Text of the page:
On 13 July, 2017, The Hague Institute will host the book launch of ‘Anti-genocide Activists and the Responsibility to Protect.’ The book launch will be followed by an in-depth conversation on the challenges and future of atrocity prevention and anti-genocide activism.
Although the Genocide Convention was already adopted by the UN General Assembly in 1945, it was only in the late 1990s that groups of activists emerged calling for military interventions to halt mass atrocities. Who are these anti-genocide activists and what motivates them to call for the use of violence to end violence?
Annette Jansen studied the beliefs and worldviews of two groups of anti-genocide activists: East Timor solidarity activists and Responsibility to Protect (R2P)-advocates. Based on eleven months of field research and 71 in-depth interviews, Jansen analysed the ideological convictions on the base of which these activists make moral judgments on human suffering and violence.
The book argues that there is an existential undercurrent to the call for mass atrocity interventions. It concludes that the rise of anti-genocide activism signals a shift in humanitarian sensibilities to human suffering and violence. This shift has substantial implications for moral judgments on human lives at peril in the humanitarian and human rights community.
On the occasion of the book launch, the Hague Institute, peace organisation PAX, and the author warmly invite you to attend an in-depth conversation on the challenges and future of atrocity prevention and anti-genocide activism. After a presentation by author Annette Jansen, Alex de Waal, Executive Director of the World Peace Foundation, Research Professor at The Fletcher School (TUFTS University) and R2P-critic, Jason Ralph, co-director of the European Centre for the Responsibility to Protect and Professor in International Relations at the University of Leeds, and a PAX representative, will engage in a discussion on some of the book’s findings.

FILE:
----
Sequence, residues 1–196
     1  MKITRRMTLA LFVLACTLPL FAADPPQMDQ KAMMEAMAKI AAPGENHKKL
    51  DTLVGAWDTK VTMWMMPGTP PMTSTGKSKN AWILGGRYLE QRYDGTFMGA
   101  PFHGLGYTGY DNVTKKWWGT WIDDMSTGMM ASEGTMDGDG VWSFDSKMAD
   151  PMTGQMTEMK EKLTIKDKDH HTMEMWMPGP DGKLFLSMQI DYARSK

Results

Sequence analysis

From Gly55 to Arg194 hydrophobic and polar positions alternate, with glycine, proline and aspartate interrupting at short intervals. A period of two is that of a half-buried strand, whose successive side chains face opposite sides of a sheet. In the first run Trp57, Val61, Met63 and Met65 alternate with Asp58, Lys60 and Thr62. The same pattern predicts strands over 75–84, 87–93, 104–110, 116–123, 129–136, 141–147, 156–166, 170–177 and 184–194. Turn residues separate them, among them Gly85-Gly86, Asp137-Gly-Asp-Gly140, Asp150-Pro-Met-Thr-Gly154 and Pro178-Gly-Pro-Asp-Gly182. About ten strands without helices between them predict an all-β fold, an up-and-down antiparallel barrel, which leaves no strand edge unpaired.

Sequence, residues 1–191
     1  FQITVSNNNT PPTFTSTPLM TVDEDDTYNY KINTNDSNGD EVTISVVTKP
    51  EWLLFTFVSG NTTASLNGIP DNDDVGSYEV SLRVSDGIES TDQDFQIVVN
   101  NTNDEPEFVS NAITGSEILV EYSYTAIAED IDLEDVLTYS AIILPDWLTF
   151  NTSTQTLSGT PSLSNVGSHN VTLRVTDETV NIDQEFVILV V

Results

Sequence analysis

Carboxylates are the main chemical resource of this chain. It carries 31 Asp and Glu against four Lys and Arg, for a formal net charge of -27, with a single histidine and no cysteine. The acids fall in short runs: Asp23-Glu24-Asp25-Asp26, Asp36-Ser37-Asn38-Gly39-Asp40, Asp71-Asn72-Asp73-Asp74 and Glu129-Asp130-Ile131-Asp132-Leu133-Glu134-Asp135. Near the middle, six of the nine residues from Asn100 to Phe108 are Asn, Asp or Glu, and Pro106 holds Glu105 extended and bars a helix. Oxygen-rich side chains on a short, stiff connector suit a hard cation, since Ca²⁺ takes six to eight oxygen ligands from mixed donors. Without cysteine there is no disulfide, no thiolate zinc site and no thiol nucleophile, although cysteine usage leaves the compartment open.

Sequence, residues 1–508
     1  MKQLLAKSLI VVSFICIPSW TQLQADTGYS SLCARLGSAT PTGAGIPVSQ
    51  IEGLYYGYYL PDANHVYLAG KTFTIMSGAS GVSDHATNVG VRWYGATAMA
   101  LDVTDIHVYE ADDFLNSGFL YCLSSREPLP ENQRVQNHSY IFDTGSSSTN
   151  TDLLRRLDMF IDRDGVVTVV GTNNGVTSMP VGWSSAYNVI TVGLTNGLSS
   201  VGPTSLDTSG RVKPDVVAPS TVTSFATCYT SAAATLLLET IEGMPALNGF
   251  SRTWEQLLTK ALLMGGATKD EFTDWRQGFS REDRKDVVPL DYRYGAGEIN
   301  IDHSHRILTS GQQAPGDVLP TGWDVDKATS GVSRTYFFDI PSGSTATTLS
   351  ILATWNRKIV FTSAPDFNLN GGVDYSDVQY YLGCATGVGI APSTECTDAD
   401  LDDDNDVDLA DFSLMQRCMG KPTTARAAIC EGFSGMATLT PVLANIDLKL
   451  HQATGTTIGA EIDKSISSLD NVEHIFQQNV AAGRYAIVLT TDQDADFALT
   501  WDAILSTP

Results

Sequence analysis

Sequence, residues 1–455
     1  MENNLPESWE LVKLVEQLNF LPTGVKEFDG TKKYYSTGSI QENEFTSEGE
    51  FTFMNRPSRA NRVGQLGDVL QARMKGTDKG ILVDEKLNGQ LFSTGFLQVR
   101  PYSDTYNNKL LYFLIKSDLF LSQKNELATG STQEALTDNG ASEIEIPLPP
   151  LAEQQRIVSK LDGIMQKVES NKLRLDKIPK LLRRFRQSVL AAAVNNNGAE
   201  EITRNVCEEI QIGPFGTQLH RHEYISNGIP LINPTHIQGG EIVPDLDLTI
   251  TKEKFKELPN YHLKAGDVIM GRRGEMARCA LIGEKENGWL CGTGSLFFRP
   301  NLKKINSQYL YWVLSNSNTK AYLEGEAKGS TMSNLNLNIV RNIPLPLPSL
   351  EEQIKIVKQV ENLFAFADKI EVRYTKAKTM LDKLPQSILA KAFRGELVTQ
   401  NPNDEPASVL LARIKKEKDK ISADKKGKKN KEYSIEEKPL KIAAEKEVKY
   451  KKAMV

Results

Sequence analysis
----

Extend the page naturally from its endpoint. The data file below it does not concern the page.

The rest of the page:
Topics of discussion are the worldviews and beliefs motivating atrocity prevention; the alleged normative shift in humanitarianism from protecting the rights and lives of individuals to protecting the lives and rights of groups; how to effectively halt mass atrocities such as in Syria and the increase of excessive violence against civilians more broadly, and; how to prevent atrocities and address the rising xenophobia, racism and hate speech in Europe. The discussion will be facilitated by Thea Hilhorst. A representative of the publishing house Routledge will be present at the book stand.